Eugene Peterson, in describing the soil from which the best preaching grows, quoted from Herman Melville’s Moby-Dick: “To insure the greatest efficiency in the dart, the harpooners of this world must start to their feet from out of idleness, and not out of toil.” Rather than always resting from preaching, I’m learning to preach from an essential rest. I also spend time in the contemplation and reception of grace and peace. This delivers me from striving to control outcomes. It gives me an ease of heart from which to preach, knowing that God does for us preachers what we cannot do on our own.
The grind has less bite when we cultivate an ever-growing reliance on the Holy Spirit. For me, the act of public speaking is increasingly the overflow of private listening. A quieted and listening heart attuned to the Holy Spirit, the text, and my context seems to be the key ingredient for effective preaching.
Gracious, Generous, and Generative Preaching
As a young preacher, I tended to pray for various kinds of success: to speak well, to get other invitations to speak, or to have lots of people want a recording of my talk. But the prayers of my latter years align much better with the ideas we have been discussing.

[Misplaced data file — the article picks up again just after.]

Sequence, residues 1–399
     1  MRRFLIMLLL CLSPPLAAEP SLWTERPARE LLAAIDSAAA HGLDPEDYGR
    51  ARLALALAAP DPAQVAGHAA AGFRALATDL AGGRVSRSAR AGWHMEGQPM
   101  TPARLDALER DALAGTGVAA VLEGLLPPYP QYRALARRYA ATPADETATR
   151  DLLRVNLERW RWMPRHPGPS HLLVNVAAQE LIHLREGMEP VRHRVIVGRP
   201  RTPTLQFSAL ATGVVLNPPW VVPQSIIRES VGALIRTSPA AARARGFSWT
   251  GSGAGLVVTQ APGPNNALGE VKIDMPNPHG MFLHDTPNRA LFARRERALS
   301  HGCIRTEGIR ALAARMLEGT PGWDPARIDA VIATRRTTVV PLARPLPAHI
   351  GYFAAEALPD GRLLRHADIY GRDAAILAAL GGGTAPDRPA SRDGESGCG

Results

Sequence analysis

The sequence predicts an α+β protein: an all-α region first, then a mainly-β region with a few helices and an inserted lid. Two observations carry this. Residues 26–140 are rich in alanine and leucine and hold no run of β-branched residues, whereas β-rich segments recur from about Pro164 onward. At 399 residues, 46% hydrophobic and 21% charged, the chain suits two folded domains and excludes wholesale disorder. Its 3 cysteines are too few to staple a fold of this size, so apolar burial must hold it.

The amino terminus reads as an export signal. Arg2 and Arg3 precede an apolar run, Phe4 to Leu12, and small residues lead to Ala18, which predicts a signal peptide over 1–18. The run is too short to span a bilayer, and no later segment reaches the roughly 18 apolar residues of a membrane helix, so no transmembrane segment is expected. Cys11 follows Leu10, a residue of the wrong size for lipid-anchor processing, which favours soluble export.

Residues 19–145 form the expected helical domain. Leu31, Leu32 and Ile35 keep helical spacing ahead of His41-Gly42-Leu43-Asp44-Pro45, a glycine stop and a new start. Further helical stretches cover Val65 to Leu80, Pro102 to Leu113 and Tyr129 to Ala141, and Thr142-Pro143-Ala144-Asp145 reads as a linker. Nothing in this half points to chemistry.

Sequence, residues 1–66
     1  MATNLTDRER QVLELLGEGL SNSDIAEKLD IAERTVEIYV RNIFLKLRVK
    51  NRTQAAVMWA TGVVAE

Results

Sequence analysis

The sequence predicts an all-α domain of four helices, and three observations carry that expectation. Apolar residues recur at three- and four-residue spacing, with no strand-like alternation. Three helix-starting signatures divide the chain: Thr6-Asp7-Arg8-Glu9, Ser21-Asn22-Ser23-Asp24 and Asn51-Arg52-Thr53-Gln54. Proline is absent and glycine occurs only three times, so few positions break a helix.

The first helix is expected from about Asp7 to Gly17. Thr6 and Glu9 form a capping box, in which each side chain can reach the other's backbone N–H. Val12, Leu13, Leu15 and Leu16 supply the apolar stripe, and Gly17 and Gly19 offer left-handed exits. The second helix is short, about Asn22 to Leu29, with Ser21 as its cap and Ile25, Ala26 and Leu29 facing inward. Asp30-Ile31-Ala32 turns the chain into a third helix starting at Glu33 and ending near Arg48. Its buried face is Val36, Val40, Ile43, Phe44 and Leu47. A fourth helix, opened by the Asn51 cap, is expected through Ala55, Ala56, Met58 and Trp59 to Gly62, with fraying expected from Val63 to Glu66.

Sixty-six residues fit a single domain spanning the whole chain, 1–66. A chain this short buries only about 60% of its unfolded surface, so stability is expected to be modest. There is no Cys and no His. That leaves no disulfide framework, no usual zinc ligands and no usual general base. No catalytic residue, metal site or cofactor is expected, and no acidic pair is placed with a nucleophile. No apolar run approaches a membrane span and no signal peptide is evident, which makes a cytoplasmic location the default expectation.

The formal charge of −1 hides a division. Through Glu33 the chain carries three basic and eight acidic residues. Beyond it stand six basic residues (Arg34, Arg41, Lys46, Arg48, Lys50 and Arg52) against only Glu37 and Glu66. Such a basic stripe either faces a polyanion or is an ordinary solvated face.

Now, just before rising to speak, I put my hand on the place from which Jesus said words come: my heart. I pray, God, help me to be truly present to this moment and this group of people. Radiate in and through me a gracious, generous, generative presence. Psalm 23 comes in handy in those moments too. I picture in my mind the bodily elements implicit in the psalm’s words: “You anoint my head with oil; my cup overflows” (v. 5).
With the knowledge that I am God’s work and that he has been at work in me, I then ask for that which God has made real in me to be for the good of others. Remembering the Master’s insight, “The mouth speaks what the heart is full of,” I ascend to the pulpit, seeking to preach from the inside out.
Todd Hunter is bishop of Churches for the Sake of Others in the Anglican Church in North America. An author and professor, he is the past president of Vineyard USA and Alpha USA.